Major declines in NE Atlantic plankton contrast with more stable populations in the rapidly warming North Sea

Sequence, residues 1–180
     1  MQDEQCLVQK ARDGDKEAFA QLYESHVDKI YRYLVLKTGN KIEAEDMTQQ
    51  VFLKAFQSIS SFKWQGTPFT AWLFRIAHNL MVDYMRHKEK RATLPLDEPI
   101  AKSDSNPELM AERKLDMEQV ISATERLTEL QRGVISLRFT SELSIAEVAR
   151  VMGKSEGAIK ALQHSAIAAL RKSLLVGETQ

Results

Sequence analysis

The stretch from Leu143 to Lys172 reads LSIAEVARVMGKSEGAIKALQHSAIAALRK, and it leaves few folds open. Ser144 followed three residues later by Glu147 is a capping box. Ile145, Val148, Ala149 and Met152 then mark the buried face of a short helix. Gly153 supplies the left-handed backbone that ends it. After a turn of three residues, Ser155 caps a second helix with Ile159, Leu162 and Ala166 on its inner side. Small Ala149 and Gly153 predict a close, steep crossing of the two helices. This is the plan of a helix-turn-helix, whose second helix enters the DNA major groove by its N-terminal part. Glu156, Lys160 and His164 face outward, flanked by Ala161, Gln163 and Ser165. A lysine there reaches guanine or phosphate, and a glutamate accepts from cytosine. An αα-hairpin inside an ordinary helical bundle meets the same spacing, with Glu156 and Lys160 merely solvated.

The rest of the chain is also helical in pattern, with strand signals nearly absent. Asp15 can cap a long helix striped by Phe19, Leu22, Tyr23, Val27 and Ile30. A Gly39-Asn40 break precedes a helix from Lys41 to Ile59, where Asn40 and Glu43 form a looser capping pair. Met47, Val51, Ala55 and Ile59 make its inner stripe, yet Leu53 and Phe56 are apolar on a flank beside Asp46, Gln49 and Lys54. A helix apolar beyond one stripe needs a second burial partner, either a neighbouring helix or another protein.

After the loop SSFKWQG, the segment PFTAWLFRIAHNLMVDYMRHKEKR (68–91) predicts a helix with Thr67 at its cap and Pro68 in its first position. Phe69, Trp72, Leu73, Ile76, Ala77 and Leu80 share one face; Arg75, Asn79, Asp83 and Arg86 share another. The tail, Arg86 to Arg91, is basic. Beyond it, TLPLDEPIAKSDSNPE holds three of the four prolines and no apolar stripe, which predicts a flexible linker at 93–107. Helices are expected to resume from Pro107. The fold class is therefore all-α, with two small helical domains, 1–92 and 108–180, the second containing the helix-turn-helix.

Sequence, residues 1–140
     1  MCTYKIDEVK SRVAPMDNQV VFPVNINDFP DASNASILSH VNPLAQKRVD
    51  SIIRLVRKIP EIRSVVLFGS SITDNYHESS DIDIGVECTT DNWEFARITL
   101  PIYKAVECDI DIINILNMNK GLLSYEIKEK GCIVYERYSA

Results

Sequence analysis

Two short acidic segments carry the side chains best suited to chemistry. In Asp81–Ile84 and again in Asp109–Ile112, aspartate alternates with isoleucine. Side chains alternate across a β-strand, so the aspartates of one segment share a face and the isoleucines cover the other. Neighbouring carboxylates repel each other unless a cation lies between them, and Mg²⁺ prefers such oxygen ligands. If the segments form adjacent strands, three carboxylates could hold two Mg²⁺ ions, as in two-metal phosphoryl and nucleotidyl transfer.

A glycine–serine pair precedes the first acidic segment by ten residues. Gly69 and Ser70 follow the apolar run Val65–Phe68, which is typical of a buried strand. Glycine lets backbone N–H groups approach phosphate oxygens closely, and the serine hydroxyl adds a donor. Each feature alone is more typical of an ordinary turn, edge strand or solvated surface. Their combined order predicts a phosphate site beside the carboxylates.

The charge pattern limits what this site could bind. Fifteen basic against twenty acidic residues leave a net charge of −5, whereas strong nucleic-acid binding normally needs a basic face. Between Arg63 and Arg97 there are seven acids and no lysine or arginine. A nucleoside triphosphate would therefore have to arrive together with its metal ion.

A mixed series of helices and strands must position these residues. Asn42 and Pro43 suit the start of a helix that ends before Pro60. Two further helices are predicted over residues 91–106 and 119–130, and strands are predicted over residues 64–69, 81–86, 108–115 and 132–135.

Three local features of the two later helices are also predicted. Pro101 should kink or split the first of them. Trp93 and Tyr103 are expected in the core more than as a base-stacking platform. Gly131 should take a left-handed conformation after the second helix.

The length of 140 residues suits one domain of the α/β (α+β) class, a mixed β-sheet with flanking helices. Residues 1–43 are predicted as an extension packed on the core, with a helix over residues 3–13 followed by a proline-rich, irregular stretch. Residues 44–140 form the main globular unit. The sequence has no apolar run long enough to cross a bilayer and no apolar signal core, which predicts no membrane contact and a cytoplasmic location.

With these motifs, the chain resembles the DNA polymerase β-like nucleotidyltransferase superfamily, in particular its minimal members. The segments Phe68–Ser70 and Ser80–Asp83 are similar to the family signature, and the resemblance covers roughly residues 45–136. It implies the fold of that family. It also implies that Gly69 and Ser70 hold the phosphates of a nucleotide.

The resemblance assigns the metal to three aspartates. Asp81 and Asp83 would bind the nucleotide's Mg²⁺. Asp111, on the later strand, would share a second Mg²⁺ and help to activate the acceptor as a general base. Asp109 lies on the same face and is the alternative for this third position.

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Plankton form the base of marine food webs, making them important indicators of ecosystem status. Changes in the abundance of plankton functional groups, or lifeforms, can affect higher trophic levels and can indicate important shifts in ecosystem functioning. Here, we extend this knowledge by combining data from Continuous Plankton Recorder and fixed-point stations to provide the most comprehensive analysis of plankton time-series for the North-East Atlantic and North-West European shelf to date. We analysed 24 phytoplankton and zooplankton datasets from 15 research institutions to map 60-year abundance trends for 8 planktonic lifeforms. Most lifeforms decreased in abundance (e.g. dinoflagellates: −5 %, holoplankton: −7 % decade−1), except for meroplankton, which increased 12 % decade−1, reflecting widespread changes in large-scale and localised processes. K-means clustering of assessment units according to abundance trends revealed largely opposing trend direction between shelf and oceanic regions for most lifeforms, with North Sea areas characterised by increasing coastal abundance, while abundance decreased in North-East Atlantic areas. Individual taxa comprising each phytoplankton lifeform exhibited similar abundance trends, whereas taxa grouped within zooplankton lifeforms were more variable. These regional contrasts are counterintuitive, since the North Sea which has undergone major warming, changes in nutrients, and past fisheries perturbation has changed far less, from phytoplankton to fish larvae, as compared to the more slowly warming North-East Atlantic with lower nutrient supply and fishing pressure. This more remote oceanic region has shown a major and worrying decline in the traditional food web. Although the causal mechanisms remain unclear, declining abundance of key planktonic lifeforms in the North-East Atlantic, including diatoms and copepods, are a cause of major concern for the future of food webs and should provide a red flag to politicians and policymakers about the prioritisation of future management and adaptation measures required to ensure future sustainable use of the marine ecosystem.
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